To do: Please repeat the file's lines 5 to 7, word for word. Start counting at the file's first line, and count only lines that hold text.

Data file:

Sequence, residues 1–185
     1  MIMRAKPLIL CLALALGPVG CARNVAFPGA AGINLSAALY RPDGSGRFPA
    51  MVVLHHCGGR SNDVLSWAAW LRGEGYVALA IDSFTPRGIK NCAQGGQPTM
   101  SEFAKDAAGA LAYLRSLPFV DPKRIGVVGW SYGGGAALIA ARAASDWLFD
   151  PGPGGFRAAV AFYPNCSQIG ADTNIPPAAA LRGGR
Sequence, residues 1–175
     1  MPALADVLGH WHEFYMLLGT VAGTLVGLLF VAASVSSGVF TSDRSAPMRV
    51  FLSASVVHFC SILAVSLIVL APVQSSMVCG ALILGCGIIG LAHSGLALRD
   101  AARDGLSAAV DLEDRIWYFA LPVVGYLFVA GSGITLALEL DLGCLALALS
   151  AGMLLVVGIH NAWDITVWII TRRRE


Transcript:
   151  PGPGGFRAAV AFYPNCSQIG ADTNIPPAAA LRGGR
Sequence, residues 1–175
     1  MPALADVLGH WHEFYMLLGT VAGTLVGLLF VAASVSSGVF TSDRSAPMRV